Harmal (Rhazya stricta)

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Harmal being fed upon by oleander hawk moth caterpillar
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Harmal fact file

Harmal description

KingdomPlantae
PhylumTracheophyta
ClassMagnoliopsida
OrderGentianales
FamilyApocynaceae
GenusRhazya (1)

Rhazya stricta is an evergreen dwarf shrub of the Apocianaceae family, which contains around 1,300 herbs, shrubs and trees, many of which have important medicinal and economical value (1) (2). Growing in deserts and arid valleys, the appearance of Rhazya stricta depends upon its habitat. The shrub is stunted and yellowish-green where the soil is formed of coarse materials and rainfall is low, but is bigger and dark green where the soil is fine and water is in abundance (3). The leaves are highly variable in shape, but are often narrowly oval. The flowers are arranged into a flattened cluster and are borne on short stalks, with the round petals being bluish-green on the outside of the flower and white on the inside. The cylindrical, long fruit pods encase narrowly-winged, flattened, brown seeds (4).

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Harmal biology

A little-studied species, very little is known about the biology of Rhazya stricta. However, it is known to often grow in pure, dense stands, where it is typically the dominant species in the floral community (3). A perennial species, it tends to expand horizontally rather than vertically whilst growing (2).

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Harmal range

Rhazya stricta is widely distributed around the coastlines of the Arabian peninsula, ranging into Iran, southern Afghanistan and Pakistan (3) (5).

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Harmal habitat

Rhazya stricta occurs in deserts and dry valleys (known as wadis) (3).

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Harmal status

Rhazya stricta has not yet been classified on the IUCN Red List.

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Harmal threats

Although the threats to Rhazya stricta have not yet been fully assessed, it is known to be harvested due to its medical properties and it is used to treat fevers, allergies and stomach problems (4). It is also protected from heavy livestock grazing by its poisonous properties, and the overgrazing of other shrubs actually increases the rate at which Rhazya stricta spreads (1).

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Harmal conservation

Rhazya stricta has not been the target of any known conservation measures.

Environment Agency - Abu Dhabi is a principal sponsor of ARKive. EAD is working to protect and conserve the environment as well as promoting sustainable development in the Emirate of Abu Dhabi.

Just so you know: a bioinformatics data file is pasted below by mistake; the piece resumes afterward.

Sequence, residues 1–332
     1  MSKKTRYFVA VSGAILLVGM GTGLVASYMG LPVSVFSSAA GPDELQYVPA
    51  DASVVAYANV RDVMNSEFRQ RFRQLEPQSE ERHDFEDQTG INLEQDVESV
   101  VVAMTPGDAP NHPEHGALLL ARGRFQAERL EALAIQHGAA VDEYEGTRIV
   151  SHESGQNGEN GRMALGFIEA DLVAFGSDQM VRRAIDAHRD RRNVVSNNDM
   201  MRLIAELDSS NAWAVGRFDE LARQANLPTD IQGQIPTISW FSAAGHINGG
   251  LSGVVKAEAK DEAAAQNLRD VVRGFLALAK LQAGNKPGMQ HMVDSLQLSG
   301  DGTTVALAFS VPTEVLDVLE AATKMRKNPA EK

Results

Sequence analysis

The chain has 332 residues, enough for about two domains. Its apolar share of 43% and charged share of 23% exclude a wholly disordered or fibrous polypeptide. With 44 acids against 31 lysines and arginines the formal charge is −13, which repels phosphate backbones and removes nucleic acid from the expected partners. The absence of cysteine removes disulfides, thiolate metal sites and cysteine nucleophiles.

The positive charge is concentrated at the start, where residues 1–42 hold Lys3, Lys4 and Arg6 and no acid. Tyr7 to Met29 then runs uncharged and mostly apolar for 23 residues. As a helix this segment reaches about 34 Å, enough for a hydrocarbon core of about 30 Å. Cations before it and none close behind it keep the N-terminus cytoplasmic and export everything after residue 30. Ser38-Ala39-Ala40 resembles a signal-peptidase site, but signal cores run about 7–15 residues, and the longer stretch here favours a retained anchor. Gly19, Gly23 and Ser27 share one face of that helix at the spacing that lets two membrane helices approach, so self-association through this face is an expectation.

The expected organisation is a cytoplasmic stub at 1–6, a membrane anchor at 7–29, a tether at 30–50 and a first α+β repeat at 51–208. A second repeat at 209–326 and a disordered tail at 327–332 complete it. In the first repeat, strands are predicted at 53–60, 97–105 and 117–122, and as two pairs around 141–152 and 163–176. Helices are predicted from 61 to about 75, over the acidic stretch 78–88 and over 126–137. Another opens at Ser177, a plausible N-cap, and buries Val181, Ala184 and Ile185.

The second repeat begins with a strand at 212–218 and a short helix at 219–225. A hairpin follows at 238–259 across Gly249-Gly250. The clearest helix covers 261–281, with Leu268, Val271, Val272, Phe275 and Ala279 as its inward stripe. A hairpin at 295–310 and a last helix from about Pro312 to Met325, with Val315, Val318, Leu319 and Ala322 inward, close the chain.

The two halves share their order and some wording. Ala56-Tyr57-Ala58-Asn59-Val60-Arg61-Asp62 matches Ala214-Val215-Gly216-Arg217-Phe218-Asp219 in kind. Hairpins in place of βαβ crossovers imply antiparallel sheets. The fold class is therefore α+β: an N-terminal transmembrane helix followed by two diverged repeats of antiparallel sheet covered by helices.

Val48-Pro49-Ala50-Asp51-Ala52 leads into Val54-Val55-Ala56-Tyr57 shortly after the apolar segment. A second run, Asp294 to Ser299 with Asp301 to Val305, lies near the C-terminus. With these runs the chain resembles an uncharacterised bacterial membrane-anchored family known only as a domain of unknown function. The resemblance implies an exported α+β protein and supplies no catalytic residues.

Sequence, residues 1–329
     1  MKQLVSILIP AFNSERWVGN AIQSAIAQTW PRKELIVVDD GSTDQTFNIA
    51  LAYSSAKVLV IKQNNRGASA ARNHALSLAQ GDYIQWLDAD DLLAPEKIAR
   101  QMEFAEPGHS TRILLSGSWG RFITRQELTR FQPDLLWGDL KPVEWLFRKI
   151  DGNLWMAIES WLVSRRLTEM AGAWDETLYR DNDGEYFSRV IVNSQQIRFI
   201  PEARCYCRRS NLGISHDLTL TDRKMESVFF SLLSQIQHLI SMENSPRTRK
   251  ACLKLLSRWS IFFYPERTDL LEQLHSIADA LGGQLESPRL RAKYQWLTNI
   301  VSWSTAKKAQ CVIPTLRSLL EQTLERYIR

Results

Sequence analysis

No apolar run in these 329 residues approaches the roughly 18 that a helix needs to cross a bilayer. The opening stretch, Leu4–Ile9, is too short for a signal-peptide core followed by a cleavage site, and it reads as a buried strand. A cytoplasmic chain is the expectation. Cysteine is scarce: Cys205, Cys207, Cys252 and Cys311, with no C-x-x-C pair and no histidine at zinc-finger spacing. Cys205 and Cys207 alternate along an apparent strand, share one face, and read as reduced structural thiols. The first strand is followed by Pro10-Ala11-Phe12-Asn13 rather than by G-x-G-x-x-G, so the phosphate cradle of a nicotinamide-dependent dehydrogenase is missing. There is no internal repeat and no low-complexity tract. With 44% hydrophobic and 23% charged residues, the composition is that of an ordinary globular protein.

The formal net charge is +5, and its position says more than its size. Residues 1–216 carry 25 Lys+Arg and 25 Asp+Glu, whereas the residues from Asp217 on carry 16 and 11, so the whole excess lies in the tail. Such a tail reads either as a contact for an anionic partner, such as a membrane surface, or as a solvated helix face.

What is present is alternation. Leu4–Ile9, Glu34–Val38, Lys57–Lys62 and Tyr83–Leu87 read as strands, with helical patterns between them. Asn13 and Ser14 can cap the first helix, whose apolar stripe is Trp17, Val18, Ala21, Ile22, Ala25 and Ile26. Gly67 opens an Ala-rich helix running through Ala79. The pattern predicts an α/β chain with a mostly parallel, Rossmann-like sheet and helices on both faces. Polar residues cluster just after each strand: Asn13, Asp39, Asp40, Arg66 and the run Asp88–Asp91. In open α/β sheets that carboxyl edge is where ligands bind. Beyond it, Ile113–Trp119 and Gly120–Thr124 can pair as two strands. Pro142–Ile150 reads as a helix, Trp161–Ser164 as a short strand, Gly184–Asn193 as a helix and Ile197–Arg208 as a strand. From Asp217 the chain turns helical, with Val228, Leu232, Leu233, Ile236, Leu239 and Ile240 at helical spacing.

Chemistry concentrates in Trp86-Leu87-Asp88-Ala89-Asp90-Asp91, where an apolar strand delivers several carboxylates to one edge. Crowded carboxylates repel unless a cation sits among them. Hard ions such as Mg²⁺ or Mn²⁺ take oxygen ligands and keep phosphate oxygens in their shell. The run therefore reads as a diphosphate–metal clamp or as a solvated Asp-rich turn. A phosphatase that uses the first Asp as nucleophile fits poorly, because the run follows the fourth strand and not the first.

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Find out more

For more information on the conservation of plants, see:

To find out more about conservation in the United Arab Emirates, see:

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Authentication

This information is awaiting authentication by a species expert, and will be updated as soon as possible. If you are able to help please contact:
arkive@wildscreen.org.uk

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Glossary

Evergreen
A plant which retains leaves all year round. This is in contrast to deciduous plants, which completely lose their leaves for part of the year.
Perennial
A plant that normally lives for more than two seasons. After an initial period, the plant produces flowers once a year.
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References

  1. King Saud University (January, 2011)
    http://faculty.ksu.edu.sa/
  2. Emad El-deen, H.M. (2005) Population ecology of Rhazya stricta Decne. in Western Saudi Arabia. International Journal of Agriculture and Biology, 7: 932-938.
  3. Zahran, M.A. (2010) Climate - Vegetation: Afro-Asian Mediterranean and Red Sea Coastal Lands. Springer Dordrecht Heidelberg, London.
  4. Health Authority – Abu Dhabi - Rhazya stricta (January, 2011)
    http://www.haad.ae/
  5. Ghazanfar, S.A. and Fisher, M. (1998) Vegetation of the Arabian Peninsula. Kluwer Academic Publishers, Dordrecht, the Netherlands.
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Image credit

Harmal being fed upon by oleander hawk moth caterpillar  
Harmal being fed upon by oleander hawk moth caterpillar

© Drew Gardner

Dr Drew Gardner
asgardner@gmail.com
http://www.flickr.com/photos/drewgardner/

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